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FORMATION OF SUPERCONDUCTING NbN FROM Nb FILMS BY HIGH TEMPERATURE REACTION

IP.com Disclosure Number: IPCOM000063453D
Original Publication Date: 1985-Mar-01
Included in the Prior Art Database: 2005-Feb-18

Publishing Venue

IBM

Related People

Authors:
Kleinsasser, AW Raider, SI [+details]

Abstract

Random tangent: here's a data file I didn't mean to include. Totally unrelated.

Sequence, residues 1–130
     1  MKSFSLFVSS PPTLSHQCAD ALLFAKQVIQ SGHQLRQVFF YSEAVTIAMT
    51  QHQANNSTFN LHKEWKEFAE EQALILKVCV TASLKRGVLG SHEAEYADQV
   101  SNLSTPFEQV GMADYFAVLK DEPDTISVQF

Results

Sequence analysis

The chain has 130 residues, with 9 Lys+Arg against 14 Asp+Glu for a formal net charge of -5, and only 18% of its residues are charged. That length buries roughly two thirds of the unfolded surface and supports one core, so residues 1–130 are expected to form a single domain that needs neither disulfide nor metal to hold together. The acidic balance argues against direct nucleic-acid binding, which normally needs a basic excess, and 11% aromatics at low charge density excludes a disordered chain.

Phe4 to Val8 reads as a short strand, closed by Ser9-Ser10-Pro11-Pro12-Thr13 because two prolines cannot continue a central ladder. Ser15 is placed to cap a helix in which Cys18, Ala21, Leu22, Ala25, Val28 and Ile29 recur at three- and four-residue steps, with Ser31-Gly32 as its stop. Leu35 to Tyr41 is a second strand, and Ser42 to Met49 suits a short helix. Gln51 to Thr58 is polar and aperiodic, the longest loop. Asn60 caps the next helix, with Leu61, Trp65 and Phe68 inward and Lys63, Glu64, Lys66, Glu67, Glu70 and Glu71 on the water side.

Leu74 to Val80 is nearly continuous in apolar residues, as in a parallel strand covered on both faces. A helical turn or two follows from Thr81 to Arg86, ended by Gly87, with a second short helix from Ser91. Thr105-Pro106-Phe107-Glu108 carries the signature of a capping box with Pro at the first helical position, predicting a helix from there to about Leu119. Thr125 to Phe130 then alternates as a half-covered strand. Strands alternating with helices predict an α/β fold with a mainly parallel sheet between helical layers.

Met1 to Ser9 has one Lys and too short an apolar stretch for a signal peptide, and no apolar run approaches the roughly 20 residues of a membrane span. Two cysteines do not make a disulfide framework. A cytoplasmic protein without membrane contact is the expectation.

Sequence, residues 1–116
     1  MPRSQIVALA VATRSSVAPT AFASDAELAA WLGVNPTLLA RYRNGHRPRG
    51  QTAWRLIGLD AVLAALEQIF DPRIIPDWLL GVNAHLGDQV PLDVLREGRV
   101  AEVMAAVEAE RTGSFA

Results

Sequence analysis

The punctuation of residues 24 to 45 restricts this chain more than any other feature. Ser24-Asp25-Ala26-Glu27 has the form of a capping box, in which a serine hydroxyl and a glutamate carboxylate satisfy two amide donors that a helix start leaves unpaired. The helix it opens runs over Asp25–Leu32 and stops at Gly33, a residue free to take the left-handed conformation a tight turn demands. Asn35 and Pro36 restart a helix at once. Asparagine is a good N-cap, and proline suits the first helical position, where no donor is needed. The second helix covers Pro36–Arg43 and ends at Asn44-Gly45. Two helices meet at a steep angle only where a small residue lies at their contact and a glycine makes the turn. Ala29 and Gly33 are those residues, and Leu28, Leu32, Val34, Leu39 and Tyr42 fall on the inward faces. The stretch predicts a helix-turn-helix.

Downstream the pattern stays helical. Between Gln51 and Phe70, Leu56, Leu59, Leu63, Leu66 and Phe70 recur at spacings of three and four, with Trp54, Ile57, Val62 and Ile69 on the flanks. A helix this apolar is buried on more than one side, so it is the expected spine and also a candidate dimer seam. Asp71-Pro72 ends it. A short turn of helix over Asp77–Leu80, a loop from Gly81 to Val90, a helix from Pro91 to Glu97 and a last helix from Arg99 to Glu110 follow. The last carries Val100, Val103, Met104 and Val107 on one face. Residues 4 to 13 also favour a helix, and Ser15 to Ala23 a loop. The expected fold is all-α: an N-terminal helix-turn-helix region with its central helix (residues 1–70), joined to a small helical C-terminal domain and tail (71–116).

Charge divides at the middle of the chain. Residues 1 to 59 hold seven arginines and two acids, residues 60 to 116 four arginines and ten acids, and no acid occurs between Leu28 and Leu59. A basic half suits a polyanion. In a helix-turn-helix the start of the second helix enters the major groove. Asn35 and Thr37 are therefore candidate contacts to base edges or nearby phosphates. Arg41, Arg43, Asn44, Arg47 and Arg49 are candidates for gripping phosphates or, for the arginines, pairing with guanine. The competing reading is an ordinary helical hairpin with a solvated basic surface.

NbN films can be formed by a high temperature reaction of Nb in a nitrogen atmosphere; however, both Nb film growth and reaction must be done in a single chamber. NbN is a desirable electrode material for superconducting devices because of its high Tc, large energy gap, and relatively low chemical reactivity. Pure NbN films are grown by reacting evaporated or sputtered Nb films at high temperature in a nitrogen atmosphere. This process, however, must be carried out inside a vacuum chamber, in order to avoid the formation of oxides on the Nb film. If the Nb film were to be air-transferred to another chamber for nitridation, the high temperature process would result in a detrimental relatively thick surface region consisting of oxygen dissolved in Nb along with suboxide and oxynitride phases.